Hearing a Nightjar used to be a not uncommon experience in Arran, but in the latter part of the twentieth century there was a decline. In 1980, nine churring Nightjar were reported from Merkland. In 1984, eight pairs were reported but the rest of the 1980s show a decline with four or five pairs in 1985 and three or four pairs in 1987 and one calling male in 1988. Single birds continued to be reported mainly in the Merkland area until 1995. In 1996 there no reports from Merkland but two from elsewhere. The last report in 1990s was one in 1998 at Maol Donn. There was then a gap with no records until 2013 when one was calling at Merkland from 17 June to 26 June 2013. In 2017 there was one report. In June 2021 there was more encouraging news. In a clear-felled area in the south of the island between 24 and 26 June Nightjars were heard churring, contact calls were heard, breeding was confirmed, and one male was caught under license photographed and ringed.
With the extensive clear-felling being done in Scotland by Forestry and Land Scotland it is hoped that the increase in more suitable open heath type habitat adjacent to woodland may result in resurgence of this species. The increase of these areas in Arran may encourage the re-establishment of the Nightjar. These new areas provide good nesting cover, plenty of perches and an abundant food supply. It is hoped that 2021 may mark the beginning of this re-establishment.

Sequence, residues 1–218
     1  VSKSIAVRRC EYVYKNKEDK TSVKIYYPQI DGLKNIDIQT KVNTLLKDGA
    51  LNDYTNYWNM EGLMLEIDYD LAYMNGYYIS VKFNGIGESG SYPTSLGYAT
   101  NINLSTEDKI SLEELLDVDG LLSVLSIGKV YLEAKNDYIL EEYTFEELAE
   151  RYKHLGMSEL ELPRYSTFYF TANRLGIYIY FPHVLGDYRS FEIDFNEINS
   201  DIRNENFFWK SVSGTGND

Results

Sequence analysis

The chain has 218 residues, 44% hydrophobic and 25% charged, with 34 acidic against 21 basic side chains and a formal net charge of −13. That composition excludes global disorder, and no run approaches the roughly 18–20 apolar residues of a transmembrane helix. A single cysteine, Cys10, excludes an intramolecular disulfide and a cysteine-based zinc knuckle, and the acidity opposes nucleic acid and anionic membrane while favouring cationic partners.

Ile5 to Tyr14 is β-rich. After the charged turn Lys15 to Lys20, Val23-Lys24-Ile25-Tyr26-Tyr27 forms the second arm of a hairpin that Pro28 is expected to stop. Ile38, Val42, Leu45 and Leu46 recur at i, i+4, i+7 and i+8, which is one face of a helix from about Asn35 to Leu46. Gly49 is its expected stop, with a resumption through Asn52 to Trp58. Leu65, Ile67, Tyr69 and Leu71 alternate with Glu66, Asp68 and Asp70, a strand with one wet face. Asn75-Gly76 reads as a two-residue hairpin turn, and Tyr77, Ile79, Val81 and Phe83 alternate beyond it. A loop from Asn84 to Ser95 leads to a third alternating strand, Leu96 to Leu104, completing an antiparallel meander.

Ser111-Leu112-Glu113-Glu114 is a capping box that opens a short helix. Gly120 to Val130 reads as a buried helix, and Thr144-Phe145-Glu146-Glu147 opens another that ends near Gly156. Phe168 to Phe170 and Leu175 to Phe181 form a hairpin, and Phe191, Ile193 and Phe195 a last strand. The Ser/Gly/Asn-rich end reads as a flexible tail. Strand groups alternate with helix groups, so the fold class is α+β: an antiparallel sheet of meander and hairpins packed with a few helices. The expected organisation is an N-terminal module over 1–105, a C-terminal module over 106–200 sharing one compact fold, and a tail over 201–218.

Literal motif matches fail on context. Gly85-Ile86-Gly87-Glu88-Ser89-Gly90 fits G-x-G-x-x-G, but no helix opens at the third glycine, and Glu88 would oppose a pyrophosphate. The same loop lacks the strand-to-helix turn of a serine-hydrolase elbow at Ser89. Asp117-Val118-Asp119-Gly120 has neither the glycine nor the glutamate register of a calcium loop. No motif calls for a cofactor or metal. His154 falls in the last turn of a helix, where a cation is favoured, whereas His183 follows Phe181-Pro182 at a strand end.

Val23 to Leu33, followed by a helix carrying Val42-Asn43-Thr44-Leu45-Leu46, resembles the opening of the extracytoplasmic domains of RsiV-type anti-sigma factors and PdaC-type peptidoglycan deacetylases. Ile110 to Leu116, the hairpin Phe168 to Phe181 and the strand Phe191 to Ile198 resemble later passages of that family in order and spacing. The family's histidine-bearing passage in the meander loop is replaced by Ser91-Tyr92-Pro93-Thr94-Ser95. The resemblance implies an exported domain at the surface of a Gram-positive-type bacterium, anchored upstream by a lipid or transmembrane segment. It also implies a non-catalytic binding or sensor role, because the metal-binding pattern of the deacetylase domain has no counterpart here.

Nightjars are birds of legend including the widely held belief that Nightjars sucked the milk of grazing animals. Thus, its other name “Goatsucker”. In reality, Nightjars feed on insects, mainly larger moths. Nightjars migrate to Britain from Africa and return there after rearing their chicks. They arrive in Scotland in late May and early June when the moth population explodes. They are most active at the same times of day as moths, at dawn and at dusk. With their large eyes, huge gape surrounded by “whiskers” they are well adapted for catching their prey.
Nightjars are rarely seen during daylight. Normally during the day, they remain motionless on the ground, relying on their amazing camouflage - feather patterns that look like dead leaves and old tree bark - to avoid detection. But at night when they are 'churring', they often perch on the branch of a prominent tree and can be picked out against the night sky.
Males perform this prolonged churring call ('Nightjar' means night-churr) that may go on for several minutes, varying in pitch and volume. When the birds stop churring, they are often in flight and two other sounds are frequently heard. The first is a rather soft 'coohwick' given as a single note and thought to be a contact call. The second is a slapping or hand-clapping sound caused as the birds clap their wings in flight. When flying, Nightjar swoop and flap around their territories, often coming very close to any observers. Males have prominent white markings on the wings and tail, and females have brown markings that are much less prominent. The white-markings stand out even at night, so it is often possible to identify the bird's sex.
Encountering Nightjar in the gloaming is a magic birding moment if you can thole the inevitable midges.